When oil prices plummeted two years ago, considerable pressures were placed on GCC states to cut their production in order for prices to stop the slide. But the latter resisted as they recognised that any output cuts will prompt non-Opec producers to increase theirs.
This would have brought down the share of Opec in the global market given that non-member states had initially refused to cooperate in output reduction.
This well thought out Gulf vision forced non-Opec member states to cooperate and agree on reducing output, especially after their revenues suffered setbacks. They recognised they are not on an equal footing with GCC states in enjoying stable financial conditions.
Interestingly, the GCC vision had its positive impact on oil prices, doubling from $27 (Dh99) per barrel to more than $50 after inking an agreement between Opec members and non-Opec producers to cut output. The agreement, which is going to be effective from June, has resulted in revenues for involved countries.
However, the GCC’s adopted strategy aims to maintain gains and resist pressures. But if prices hit $70 a barrel, shale oil production would increase, taking oil prices back to the depths.
Therefore, the Gulf oil policy seeks to fix an average of $55-$65 a barrel so that shale oil production gains increase within bounds and in parallel with global demand. Opec has to cut its output and distribution quotas depending on projected global demand and economic conditions.
This singular GCC understanding did not come out of nowhere but from the accumulation of expertise and historical dealings within the maze of the global oil market. They have adopted a moderate stance in tackling price volatility, which led them to achieve significant gains.
If things were left to the desires of extremist regimes such as Iran and Venezuela, prices would continue to deteriorate, incurring on oil producing countries huge and irreplaceable losses.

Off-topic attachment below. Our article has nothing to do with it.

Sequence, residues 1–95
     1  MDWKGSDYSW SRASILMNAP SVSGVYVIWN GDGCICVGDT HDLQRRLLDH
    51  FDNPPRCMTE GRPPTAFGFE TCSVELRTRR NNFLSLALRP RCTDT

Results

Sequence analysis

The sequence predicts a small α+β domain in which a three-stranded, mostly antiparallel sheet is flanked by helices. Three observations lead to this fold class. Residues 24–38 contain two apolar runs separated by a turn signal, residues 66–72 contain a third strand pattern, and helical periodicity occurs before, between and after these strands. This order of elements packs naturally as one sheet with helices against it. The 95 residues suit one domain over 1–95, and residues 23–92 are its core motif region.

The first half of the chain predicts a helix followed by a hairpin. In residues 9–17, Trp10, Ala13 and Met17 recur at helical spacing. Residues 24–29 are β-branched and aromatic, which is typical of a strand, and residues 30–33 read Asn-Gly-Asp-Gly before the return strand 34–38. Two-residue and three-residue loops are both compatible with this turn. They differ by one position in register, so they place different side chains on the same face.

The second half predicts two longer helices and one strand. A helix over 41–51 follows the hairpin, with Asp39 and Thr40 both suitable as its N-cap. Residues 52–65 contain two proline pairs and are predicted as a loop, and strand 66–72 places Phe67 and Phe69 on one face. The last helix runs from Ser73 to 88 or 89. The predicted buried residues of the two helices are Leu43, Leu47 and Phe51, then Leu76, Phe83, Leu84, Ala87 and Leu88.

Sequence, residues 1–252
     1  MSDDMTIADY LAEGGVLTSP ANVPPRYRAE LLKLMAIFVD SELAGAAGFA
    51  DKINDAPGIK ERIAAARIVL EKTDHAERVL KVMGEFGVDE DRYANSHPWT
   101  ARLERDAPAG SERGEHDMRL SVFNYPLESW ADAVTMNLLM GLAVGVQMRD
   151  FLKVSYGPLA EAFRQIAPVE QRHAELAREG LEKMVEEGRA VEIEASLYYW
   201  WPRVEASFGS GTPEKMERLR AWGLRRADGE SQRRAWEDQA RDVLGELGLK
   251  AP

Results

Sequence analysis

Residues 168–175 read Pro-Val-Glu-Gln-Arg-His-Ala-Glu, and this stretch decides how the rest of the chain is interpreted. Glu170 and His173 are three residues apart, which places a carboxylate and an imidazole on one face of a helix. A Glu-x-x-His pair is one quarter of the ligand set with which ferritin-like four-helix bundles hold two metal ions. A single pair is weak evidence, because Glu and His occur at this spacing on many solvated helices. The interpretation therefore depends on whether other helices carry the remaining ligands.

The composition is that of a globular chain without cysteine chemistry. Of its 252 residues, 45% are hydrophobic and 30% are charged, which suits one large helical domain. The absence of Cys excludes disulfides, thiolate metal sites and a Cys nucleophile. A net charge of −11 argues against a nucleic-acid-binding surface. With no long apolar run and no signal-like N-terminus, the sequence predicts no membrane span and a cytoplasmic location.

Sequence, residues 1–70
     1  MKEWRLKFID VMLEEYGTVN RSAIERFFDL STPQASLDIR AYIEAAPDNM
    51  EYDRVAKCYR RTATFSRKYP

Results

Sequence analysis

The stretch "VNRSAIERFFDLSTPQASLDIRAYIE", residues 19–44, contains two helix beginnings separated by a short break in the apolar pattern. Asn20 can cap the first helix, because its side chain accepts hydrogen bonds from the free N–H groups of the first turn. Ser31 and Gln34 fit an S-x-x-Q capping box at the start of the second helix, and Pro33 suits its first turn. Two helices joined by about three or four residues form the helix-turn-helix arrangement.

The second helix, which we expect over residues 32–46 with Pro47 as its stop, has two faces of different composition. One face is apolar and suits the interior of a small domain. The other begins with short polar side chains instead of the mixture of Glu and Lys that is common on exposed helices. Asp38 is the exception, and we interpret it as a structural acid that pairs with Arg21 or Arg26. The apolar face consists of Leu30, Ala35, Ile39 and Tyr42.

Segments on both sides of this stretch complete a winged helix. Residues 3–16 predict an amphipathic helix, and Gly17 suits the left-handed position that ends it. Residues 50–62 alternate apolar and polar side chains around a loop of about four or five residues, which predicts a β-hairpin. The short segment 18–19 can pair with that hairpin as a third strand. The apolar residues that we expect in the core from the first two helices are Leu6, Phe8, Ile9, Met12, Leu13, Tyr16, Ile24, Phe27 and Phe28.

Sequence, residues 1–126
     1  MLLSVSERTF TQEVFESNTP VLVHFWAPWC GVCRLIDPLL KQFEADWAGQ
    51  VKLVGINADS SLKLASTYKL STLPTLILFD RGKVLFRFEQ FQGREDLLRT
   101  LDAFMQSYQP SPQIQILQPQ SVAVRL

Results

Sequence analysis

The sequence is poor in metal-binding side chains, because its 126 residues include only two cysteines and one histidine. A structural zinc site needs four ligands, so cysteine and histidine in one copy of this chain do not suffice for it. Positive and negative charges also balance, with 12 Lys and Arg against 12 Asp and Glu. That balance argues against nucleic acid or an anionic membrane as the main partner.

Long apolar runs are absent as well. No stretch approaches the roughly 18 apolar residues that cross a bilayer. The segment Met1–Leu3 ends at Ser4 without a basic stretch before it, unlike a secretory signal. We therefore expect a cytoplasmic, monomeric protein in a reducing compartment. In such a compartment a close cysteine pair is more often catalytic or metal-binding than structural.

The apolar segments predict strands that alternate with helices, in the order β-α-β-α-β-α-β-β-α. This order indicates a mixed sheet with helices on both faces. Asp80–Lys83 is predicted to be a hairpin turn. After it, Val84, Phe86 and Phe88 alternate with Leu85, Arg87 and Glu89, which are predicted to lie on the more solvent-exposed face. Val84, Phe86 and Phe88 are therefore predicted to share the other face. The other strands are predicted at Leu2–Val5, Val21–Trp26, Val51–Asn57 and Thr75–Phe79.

The GCC strategy focuses on maintaining the stability of production and prices and gradually increasing output depending on market circumstances as well as the economic conditions. The strategy aims to revise the unanimous decision taken by oil producing countries inside and outside Opec.
It also aims to maintain the supply and demand equation and prices at the required levels within the strategy.
But what truly matters is the possibility of the agreement being breached by radical regimes, which could flex their muscles. For instance, Iran, which was excluded from the agreement, is threatening to boost production, meaning that the agreement could be destroyed.
But on the other side, the market monitoring committee which has been set up as part of Opec has indicated that other oil producing countries are committed to cut their output to the agreed levels.
If all countries succeeded in sorting out their differences and reduce production, the Gulf’s strategy would lead to noticeable revenue gains in 2017 compared to 2016. This will reflect positively on financial and economic conditions and reduce budget deficits significantly.
Hence, the Gulf’s leadership of Opec represent the backbone of market stability and maintaining fair oil prices. It also serves the stability of the global economy significantly and adds to the interests of oil producing and importing countries alike.
Dr Mohammad Al Asoomi is a UAE economic expert and specialist in economic and social development in the UAE and the GCC countries.